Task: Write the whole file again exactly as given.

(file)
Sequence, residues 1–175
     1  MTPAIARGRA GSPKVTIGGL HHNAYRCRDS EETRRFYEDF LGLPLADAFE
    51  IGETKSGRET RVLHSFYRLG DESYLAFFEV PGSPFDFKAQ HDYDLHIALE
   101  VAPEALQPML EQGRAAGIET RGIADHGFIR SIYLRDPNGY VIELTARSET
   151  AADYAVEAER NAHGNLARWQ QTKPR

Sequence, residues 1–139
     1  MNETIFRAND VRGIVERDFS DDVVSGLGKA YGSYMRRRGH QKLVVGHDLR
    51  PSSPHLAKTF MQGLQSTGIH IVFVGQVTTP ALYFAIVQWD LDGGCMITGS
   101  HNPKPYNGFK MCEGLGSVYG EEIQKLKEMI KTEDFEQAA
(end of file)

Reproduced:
Sequence, residues 1–175
     1  MTPAIARGRA GSPKVTIGGL HHNAYRCRDS EETRRFYEDF LGLPLADAFE
    51  IGETKSGRET RVLHSFYRLG DESYLAFFEV PGSPFDFKAQ HDYDLHIALE
   101  VAPEALQPML EQGRAAGIET RGIADHGFIR SIYLRDPNGY VIELTARSET
   151  AADYAVEAER NAHGNLARWQ QTKPR

Sequence, residues 1–139
     1  MNETIFRAND VRGIVERDFS DDVVSGLGKA YGSYMRRRGH QKLVVGHDLR
    51  PSSPHLAKTF MQGLQSTGIH IVFVGQVTTP ALYFAIVQWD LDGGCMITGS
   101  HNPKPYNGFK MCEGLGSVYG EEIQKLKEMI KTEDFEQAA